That empire included the great city-states of Canaan – one of which was Yerza, which apparently had over 5,000 people in its Bronze Age heyday. Each of the city-states had its own king, who was however vassal to the great pharaoh in Egypt. And the Amarna Letters mention Yerza and its king.
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Who might the captor and captive be? According to the iconography of the time, neither is Egyptian – but they are clearly meant to be different peoples from one another.
The thing is, the local city-state kings would fight not only with the great armies that captured the land, including the Egyptians (until the Egyptians won), but with each other. The king of Yerza would fight with the kings of Ashkelon and Gaza, and all would fight with the Habiru nomads, who predated the Nabateans in plying the desert sands, Ganor explains.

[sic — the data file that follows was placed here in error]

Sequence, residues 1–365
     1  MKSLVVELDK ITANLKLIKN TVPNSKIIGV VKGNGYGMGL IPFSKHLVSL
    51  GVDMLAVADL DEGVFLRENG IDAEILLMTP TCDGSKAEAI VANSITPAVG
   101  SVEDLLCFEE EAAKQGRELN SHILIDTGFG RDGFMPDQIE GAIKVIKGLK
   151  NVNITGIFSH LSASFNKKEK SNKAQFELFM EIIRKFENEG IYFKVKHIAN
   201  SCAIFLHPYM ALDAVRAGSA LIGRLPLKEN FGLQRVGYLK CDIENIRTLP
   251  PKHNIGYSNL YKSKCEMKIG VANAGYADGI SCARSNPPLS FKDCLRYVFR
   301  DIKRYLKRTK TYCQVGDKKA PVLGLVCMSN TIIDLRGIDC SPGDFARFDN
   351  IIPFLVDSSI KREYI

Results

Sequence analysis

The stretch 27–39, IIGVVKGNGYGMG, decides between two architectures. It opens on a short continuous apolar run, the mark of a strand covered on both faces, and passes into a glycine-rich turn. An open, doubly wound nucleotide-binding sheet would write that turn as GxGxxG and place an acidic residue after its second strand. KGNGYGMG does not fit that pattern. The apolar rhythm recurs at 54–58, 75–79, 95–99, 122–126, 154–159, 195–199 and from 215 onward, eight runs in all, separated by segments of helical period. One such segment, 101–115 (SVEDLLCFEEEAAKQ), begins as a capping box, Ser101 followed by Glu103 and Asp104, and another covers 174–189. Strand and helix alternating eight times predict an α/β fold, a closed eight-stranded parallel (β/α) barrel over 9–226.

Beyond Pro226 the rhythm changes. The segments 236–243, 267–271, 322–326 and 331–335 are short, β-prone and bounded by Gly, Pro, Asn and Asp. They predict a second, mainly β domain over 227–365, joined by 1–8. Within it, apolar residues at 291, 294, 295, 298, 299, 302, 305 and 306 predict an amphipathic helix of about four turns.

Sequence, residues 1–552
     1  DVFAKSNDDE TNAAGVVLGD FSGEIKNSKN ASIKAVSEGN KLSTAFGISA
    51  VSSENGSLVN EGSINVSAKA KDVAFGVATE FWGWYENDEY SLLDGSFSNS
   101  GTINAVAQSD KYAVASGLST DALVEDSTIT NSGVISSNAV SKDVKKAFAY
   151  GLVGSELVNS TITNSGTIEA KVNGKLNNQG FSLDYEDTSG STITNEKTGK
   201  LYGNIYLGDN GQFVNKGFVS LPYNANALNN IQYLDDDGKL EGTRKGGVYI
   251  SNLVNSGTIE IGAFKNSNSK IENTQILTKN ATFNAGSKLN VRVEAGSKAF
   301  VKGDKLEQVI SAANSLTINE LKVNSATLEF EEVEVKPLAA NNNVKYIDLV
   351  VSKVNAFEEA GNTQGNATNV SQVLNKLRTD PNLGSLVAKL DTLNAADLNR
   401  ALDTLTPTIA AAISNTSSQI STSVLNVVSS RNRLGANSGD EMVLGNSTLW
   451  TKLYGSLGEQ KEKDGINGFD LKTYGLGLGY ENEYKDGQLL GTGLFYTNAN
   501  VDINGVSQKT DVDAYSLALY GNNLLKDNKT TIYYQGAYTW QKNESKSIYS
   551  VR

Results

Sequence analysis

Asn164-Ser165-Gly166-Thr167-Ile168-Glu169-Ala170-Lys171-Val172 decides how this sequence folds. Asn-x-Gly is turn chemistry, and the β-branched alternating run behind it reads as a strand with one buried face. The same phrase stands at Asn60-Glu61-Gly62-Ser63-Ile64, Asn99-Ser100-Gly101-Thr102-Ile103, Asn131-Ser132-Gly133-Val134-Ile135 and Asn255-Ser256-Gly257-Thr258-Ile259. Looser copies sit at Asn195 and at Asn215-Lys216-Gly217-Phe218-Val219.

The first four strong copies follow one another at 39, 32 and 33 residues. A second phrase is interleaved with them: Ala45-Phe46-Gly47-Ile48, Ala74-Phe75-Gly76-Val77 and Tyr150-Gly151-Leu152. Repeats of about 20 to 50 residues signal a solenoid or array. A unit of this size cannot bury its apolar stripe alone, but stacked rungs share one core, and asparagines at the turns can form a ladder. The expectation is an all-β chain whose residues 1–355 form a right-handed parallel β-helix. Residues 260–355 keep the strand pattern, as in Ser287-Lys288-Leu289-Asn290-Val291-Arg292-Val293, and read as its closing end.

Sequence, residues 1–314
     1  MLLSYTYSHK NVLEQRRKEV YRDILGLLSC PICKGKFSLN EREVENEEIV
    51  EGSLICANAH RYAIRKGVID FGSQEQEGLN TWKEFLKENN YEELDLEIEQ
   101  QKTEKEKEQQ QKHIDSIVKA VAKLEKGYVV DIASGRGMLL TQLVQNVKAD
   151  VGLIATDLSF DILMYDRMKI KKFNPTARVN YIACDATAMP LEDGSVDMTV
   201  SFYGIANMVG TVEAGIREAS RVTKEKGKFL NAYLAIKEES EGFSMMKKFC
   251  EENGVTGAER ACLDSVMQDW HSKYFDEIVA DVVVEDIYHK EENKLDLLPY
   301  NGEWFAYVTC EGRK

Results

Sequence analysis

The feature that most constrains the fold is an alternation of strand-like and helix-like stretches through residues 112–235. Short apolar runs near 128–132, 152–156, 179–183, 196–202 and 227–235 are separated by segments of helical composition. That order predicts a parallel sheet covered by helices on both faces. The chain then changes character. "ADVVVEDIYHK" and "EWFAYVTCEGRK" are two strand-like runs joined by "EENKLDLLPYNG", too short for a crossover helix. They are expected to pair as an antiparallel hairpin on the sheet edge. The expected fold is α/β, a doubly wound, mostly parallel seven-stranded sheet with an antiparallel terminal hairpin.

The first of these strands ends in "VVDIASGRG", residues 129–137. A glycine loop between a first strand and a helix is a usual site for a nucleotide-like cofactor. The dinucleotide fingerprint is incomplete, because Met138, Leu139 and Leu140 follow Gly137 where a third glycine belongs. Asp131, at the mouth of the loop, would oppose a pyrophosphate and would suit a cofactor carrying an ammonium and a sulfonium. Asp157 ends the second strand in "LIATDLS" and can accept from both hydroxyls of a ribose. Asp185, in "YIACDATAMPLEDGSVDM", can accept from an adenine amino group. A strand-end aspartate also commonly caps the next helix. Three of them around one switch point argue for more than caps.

Why were they constantly fighting? Human nature aside, they would incessantly struggle over resources: arable land and water sources. Some things evidently never change. “We haven’t learned a thing since Cain and Abel,” Ganor sighs.
Anyway, the miniature tablet may show two different types of Canaanites. When the Bible references “Canaanites,” it is evidently collectively referring to a whole slew of tribes. They were not a single state with a central government, and there may have been clear ethnic differences between the tribes that were referred to collectively after the fact, Ganor suggests.
The fact is that the tablet shows the squat captor with curly hair and a beard, wearing a belted skirt. The captive, meanwhile, looks completely different: naked for the sake of degradation, thinner, with an elongated neck. Whether the captive is meant to represent a different Canaanite from Lachish or Ashkelon, or maybe even a Habiru or someone else, remains a mystery.
As for the Habiru, they are also mentioned in the Amarna Letters, as the nomadic enemy, also fighting over water sources and rich lands.